13. 13. The thoracic aorta (Fig. 4.1) supply the breast. The internal thoracic artery divides behind the 6thThe ascending aorta arises from the aortic vestibule behind the costal cartilage into superior epigastric and musculophrenic branches.infundibulum of the right ventricle and the pulmonary trunk. It is con- The thyrocervical trunk terminates as the inferior thyroid artery.tinuous with the aortic arch. The arch lies posterior to the lower half of • 2nd part: the part of the artery that lies behind scalenus anterior. Itthe manubrium and arches from front to back over the left main gives rise to the costocervical trunk (see Fig. 60.1).bronchus. The descending thoracic aorta is continuous with the arch • 3rd part: the part of the artery that lies lateral to the lateral border ofand begins at the lower border of the body of T4. It initially lies slightly scalenus anterior. This part gives rise to the dorsal scapular artery.to the left of the midline and then passes medially to gain access to theabdomen by passing beneath the median arcuate ligament of the The great veins (Fig. 4.2)diaphragm at the level of T12. From here it continues as the abdominal The brachiocephalic veins are formed by the confluence of the subcla-aorta. vian and internal jugular veins behind the sternoclavicular joints. The The branches of the ascending aorta are the: left brachiocephalic vein traverses diagonally behind the manubrium to• Right and left coronary arteries. join the right brachiocephalic vein behind the 1st costal cartilage thus The branches of the aortic arch are the: forming the superior vena cava. The superior vena cava receives only• Brachiocephalic artery: arises from the arch behind the manubrium one tributaryathe azygos vein.and courses upwards to bifurcate into right subclavian and right com-mon carotid branches posterior to the right sternoclavicular joint. The azygos system of veins (Fig. 4.2)• Left common carotid artery: see p. 133. • The azygos vein: commences as the union of the right subcostal vein• Left subclavian artery. and one or more veins from the abdomen. It passes through the aortic• Thyroidea ima artery. opening in the diaphragm, ascends on the posterior chest wall to the The branches of the descending thoracic aorta include the: level of T4 and then arches over the right lung root to enter the superior• Oesophageal, bronchial, mediastinal, posterior intercostal and sub- vena cava. It receives tributaries from the: lower eight posterior inter-costal arteries. costal veins, right superior intercostal vein and hemiazygos veins. • The hemiazygos vein: arises on the left side in the same manner as theThe subclavian arteries (see Fig. 60.1) azygos vein. It passes through the aortic opening in the diaphragm andThe subclavian arteries become the axillary arteries at the outer bor- up to the level of T9 from where it passes diagonally behind the aortader of the 1st rib. Each artery is divided into three parts by scalenus and thoracic duct to drain into the azygos vein at the level of T8. Itanterior: receives venous blood from the lower four left posterior intercostal• 1st part: the part of the artery that lies medial to the medial border of veins.scalenus anterior. It gives rise to three branches, the: vertebral artery • The accessory hemiazygos vein: drains blood from the middle poster-(p. 135), thyrocervical trunk and internal thoracic (mammary) artery. ior intercostal veins (as well as some bronchial and mid-oesophagealThe latter artery courses on the posterior surface of the anterior chest veins). The accessory hemiazygos crosses to the right to drain into thewall one fingerbreadth from the lateral border of the sternum. Along azygos vein at the level of T7.its course it gives off anterior intercostal, thymic and perforating • The upper four left intercostal veins drain into the left brachio-branches. The ‘perforators’ pass through the anterior chest wall to cephalic vein via the left superior intercostal vein. The mediastinum IIbthe vessels of the thorax 13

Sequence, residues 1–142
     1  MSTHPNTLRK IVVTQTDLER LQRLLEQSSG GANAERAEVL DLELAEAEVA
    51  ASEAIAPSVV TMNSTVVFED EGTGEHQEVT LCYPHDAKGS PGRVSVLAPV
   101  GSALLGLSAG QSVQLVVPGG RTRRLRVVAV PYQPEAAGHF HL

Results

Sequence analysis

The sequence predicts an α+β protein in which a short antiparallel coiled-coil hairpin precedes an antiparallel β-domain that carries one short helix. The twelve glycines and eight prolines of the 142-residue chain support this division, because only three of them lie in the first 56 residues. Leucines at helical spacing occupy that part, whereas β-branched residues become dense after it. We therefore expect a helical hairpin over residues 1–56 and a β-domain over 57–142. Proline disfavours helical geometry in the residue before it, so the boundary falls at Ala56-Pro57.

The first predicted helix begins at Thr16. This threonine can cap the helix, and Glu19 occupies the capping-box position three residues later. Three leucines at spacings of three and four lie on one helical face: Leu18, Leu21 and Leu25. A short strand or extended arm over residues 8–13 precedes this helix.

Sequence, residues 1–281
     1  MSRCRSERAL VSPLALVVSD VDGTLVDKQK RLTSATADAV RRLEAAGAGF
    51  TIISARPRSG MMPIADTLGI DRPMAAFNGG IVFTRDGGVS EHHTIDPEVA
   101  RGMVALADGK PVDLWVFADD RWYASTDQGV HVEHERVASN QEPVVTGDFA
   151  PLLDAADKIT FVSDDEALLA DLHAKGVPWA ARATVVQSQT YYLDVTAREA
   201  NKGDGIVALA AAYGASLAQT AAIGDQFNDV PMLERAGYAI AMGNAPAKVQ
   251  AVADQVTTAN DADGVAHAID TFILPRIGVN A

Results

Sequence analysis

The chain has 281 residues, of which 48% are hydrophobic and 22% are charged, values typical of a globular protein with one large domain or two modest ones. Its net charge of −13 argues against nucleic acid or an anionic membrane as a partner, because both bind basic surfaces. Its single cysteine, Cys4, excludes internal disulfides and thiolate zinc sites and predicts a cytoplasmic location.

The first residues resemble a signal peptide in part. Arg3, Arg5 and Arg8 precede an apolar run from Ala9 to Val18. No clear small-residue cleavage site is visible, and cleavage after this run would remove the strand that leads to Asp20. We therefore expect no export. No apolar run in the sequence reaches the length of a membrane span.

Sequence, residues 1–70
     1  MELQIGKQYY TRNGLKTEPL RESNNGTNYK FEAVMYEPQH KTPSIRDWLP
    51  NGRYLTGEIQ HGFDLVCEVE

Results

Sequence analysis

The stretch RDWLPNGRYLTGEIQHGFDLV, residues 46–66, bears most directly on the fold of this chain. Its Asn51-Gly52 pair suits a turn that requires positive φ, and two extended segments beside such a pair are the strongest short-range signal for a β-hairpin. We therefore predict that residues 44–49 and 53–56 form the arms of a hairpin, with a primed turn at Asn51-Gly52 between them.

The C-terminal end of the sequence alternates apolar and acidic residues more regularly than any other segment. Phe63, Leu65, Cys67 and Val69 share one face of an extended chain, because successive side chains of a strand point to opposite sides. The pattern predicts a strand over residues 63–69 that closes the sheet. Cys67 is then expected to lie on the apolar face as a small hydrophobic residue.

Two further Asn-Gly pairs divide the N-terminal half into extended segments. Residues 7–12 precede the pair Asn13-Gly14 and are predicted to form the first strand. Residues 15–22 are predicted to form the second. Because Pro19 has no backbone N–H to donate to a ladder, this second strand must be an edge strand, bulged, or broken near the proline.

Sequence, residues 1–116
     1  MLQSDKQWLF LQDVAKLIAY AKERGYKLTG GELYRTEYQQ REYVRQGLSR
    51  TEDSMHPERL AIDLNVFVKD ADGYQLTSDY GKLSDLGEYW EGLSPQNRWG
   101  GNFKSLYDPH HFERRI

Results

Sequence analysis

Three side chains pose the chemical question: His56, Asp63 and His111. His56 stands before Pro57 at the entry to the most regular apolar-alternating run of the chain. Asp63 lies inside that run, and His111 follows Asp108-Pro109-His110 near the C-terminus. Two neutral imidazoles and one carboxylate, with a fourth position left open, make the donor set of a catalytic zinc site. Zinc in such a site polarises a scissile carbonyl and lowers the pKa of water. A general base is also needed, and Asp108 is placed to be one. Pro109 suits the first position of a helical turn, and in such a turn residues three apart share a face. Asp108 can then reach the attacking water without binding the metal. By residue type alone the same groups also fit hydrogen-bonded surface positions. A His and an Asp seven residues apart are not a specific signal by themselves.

14. 14. 5 The pleura and airways Thyroid isthmus Pulmonary artery Brachiocephalic Left Bronchus artery brachiocephalic Pulmonary veins Superior vein Lymph node vena cava Cut edge of pleura Aortic arch Right Pulmonary ligament pulmonary artery Fig. 5.1 Fig. 5.3 The principal structures The anterior relations of the trachea in the hilum of the lung Cricoid (C6) Trachea Left main bronchus Right main bronchus Apical Posterior Apico-posterior Anterior Apical Lingular Posterior Anterior Middle Apical of lower lobe Anterior basal Lateral basal Anterior basal Medial basal Posterior basal Lateral basal Posterior basal Fig. 5.2 The trachea and main bronchi 14 Thorax